Libby makes the front page of the OC Register AGAIN

 Check out all our pictures from the festivals at Libby Blood Films 

O.C. filmmaker wows Cannes, N.Y., herself

You can easily guess the first couple of lines from a faux script we'll call "Libby Blood's Big Adventure."

It's a road movie, of sorts, telling the story of a 19-year-old filmmaker from Fullerton, Libby Blood, and the trip she and her family took to support "Lucy," the short film she entered at this year's Cannes International Film Festival.


We see an animated airplane follow a dotted line across part of the globe, from Los Angeles, over the Atlantic and finally to Nice, France. As the plane flies, we listen to ...


"When we left her, our plucky heroine, Libby Blood, along with part of her family, had packed their bags and taken flight for Cannes – though where they would sleep remained a mystery!"


LIBBY BLOOD, and her parents TODD and CATHY BLOOD, and the lead actress in "Lucy," 12-year-old KERA McKEON, step off a French bus and look around, in awe, at the crazy wonderland that is Cannes during the world's most famous film festival. We follow the crew as they wander the picturesque town. For Libby, it's a Technicolor dream come true.

And so on ...

You get the idea. Our imaginary movie about a young moviemaker raises a series of dramatic questions: Will Libby and her film find success? Will the Blood family survive a month on the road? Will they find a place to sleep?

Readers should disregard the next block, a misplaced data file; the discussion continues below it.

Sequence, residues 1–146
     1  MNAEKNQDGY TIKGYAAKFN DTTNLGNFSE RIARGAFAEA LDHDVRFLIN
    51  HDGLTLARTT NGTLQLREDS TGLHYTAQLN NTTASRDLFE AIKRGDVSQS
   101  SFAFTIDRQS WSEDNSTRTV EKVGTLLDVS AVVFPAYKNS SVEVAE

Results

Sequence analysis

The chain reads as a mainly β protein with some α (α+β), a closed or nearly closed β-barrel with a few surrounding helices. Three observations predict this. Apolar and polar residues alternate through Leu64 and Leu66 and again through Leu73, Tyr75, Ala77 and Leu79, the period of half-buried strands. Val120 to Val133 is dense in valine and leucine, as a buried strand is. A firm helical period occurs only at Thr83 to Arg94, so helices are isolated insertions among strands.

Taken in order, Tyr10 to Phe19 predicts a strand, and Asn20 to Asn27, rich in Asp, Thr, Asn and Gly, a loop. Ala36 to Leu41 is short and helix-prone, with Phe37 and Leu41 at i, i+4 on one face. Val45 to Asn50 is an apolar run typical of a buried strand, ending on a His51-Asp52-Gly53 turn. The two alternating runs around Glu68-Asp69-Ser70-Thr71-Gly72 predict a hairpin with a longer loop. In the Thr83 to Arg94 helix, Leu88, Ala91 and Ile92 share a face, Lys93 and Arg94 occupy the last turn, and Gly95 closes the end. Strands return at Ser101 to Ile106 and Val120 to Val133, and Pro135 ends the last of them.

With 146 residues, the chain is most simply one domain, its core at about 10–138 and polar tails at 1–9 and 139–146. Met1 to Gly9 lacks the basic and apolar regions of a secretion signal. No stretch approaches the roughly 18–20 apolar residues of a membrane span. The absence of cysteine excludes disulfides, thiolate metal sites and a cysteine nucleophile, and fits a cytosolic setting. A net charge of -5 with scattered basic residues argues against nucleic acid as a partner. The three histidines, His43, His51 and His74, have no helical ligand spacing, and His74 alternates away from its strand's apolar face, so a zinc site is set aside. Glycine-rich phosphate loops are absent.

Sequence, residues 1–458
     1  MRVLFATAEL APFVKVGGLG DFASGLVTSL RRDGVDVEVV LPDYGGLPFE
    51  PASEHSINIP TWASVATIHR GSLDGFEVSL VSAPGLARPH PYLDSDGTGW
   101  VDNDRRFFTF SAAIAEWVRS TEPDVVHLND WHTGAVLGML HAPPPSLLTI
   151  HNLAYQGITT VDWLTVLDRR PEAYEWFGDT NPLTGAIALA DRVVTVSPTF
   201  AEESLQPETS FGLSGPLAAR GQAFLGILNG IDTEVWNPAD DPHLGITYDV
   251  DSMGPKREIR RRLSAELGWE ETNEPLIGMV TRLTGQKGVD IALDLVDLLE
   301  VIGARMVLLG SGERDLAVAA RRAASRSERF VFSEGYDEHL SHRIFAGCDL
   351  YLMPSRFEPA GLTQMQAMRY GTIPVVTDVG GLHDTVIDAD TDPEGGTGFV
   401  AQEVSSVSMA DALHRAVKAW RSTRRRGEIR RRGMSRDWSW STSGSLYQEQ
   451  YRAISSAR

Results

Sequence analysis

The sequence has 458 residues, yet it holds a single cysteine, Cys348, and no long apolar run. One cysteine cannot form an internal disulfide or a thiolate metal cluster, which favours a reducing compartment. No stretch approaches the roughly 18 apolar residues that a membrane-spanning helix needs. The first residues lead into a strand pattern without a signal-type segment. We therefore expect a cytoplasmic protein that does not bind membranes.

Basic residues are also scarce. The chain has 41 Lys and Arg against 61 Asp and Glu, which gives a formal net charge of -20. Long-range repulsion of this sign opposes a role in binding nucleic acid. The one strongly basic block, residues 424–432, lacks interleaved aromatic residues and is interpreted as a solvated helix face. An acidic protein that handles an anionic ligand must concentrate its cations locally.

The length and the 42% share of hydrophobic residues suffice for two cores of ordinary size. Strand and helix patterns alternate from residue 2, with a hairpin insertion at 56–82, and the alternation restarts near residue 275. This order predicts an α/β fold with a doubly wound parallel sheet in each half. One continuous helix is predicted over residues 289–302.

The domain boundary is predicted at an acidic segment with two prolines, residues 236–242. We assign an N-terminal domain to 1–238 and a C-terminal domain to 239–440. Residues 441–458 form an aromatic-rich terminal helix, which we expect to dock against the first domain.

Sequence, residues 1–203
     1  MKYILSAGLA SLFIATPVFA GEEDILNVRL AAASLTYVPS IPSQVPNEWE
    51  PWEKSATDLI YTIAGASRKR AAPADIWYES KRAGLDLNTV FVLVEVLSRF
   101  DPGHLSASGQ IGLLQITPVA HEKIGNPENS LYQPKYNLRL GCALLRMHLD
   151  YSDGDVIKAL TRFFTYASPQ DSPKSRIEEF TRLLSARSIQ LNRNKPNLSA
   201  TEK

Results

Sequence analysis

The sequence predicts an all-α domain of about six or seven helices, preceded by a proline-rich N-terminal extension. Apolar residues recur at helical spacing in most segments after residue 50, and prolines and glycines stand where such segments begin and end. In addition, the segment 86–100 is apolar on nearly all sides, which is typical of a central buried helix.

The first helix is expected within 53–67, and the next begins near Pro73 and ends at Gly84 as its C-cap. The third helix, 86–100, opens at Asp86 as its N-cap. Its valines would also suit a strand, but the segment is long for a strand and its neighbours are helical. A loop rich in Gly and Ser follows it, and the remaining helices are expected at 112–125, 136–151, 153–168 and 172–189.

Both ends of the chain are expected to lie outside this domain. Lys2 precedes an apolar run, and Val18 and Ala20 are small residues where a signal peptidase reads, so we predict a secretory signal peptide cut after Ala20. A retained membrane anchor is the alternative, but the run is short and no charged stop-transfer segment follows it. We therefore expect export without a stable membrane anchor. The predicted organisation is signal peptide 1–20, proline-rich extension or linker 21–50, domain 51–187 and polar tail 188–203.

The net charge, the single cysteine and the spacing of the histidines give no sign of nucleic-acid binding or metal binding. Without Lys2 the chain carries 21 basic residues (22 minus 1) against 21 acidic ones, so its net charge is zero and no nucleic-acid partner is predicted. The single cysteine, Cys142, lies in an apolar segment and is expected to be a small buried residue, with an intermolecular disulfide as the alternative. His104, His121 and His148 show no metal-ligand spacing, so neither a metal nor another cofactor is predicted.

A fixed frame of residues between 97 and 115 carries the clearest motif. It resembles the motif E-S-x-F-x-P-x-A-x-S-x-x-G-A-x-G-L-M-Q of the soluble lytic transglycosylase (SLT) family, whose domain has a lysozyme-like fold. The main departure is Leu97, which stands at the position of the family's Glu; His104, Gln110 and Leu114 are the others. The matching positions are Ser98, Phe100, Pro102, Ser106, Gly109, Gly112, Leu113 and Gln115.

"It was just so much fun," a very real Libby Blood said a few days after returning from their 41-day journey.

"(It was) so exciting, all the energy there. I felt like I was in the movies."


In May, this space told you about young Libby Blood and her film.

We told you that "Lucy" – a French-language short inspired in part by Libby Blood's younger brother's autism – had been admitted into Cannes' Short Film Corner. We told you the Bloods were considering extending the trip, after Cannes, to include the BosiFest festival in Belgrade, Serbia, where "Lucy" also was slated to be shown, and that on the way back to Orange County the Bloods and "Lucy" would spend a week at the New York City International Film Festival.

We even pointed out how Libby Blood and her parents were doing all this without a single hotel room booked and on a very limited budget.

Here are some answers.

First, yes, in Cannes, they found places to sleep. Initially they stayed at a tiny hotel, and later they stayed in an apartment.

Second, in Cannes, they killed it.

At the festival hall the Blood crew checked in and got their official Cannes badges that allowed access to nearly every part of the festival. After that, they headed off to the Short Film Corner, a marketplace in which to make deals and mingle with filmmakers from around the world.

The family had made postcards to serve as calling cards for "Lucy," and they handed those out to anyone who would take them.

"That was really fun, being able to meet all these amazing short filmmakers," Libby Blood said. "Wherever we were we'd talk about 'Lucy.'

"Once more people got to watch the film, that created a lot more buzz about it," she added.